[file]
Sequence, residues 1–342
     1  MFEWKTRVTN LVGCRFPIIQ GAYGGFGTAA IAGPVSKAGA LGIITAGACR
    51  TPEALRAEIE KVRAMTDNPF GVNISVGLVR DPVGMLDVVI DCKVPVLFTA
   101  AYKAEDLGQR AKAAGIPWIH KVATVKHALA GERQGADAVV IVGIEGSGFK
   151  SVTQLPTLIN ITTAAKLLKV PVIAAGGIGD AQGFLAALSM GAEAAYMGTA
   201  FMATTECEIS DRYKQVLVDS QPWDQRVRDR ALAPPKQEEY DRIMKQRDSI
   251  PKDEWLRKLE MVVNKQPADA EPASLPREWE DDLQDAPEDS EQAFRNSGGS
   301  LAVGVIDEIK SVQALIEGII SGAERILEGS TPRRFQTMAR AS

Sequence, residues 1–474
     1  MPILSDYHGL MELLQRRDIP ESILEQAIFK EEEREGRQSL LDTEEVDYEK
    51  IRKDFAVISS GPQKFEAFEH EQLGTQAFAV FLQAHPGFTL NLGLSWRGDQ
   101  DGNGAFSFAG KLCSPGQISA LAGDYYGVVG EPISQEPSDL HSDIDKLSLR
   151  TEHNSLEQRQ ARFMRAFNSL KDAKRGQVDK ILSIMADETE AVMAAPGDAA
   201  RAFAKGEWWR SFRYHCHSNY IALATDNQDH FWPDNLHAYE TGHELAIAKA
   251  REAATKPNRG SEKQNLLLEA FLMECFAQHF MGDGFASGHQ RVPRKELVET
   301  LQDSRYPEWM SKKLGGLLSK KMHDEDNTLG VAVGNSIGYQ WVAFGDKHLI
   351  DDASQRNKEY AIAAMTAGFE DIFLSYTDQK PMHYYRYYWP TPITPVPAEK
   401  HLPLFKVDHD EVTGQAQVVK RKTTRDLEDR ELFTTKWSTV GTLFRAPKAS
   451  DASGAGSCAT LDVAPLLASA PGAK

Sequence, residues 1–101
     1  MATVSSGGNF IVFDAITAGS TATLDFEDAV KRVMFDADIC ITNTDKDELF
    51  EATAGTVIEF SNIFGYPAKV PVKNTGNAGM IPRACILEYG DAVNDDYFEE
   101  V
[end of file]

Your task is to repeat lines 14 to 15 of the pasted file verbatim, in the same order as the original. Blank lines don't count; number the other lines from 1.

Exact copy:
   201  RAFAKGEWWR SFRYHCHSNY IALATDNQDH FWPDNLHAYE TGHELAIAKA
   251  REAATKPNRG SEKQNLLLEA FLMECFAQHF MGDGFASGHQ RVPRKELVET